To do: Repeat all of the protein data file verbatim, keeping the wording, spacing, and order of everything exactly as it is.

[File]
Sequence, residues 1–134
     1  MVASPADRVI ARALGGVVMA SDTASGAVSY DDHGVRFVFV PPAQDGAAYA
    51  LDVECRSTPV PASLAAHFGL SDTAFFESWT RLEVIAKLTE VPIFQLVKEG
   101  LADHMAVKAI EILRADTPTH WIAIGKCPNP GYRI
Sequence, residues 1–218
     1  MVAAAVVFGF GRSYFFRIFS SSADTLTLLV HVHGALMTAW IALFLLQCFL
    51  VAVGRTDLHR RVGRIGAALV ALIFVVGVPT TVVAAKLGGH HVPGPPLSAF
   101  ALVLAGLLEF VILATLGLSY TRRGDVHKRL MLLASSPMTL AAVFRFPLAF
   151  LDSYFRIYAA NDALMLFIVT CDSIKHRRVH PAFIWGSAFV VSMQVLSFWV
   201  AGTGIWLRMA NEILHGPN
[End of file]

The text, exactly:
Sequence, residues 1–134
     1  MVASPADRVI ARALGGVVMA SDTASGAVSY DDHGVRFVFV PPAQDGAAYA
    51  LDVECRSTPV PASLAAHFGL SDTAFFESWT RLEVIAKLTE VPIFQLVKEG
   101  LADHMAVKAI EILRADTPTH WIAIGKCPNP GYRI
Sequence, residues 1–218
     1  MVAAAVVFGF GRSYFFRIFS SSADTLTLLV HVHGALMTAW IALFLLQCFL
    51  VAVGRTDLHR RVGRIGAALV ALIFVVGVPT TVVAAKLGGH HVPGPPLSAF
   101  ALVLAGLLEF VILATLGLSY TRRGDVHKRL MLLASSPMTL AAVFRFPLAF
   151  LDSYFRIYAA NDALMLFIVT CDSIKHRRVH PAFIWGSAFV VSMQVLSFWV
   201  AGTGIWLRMA NEILHGPN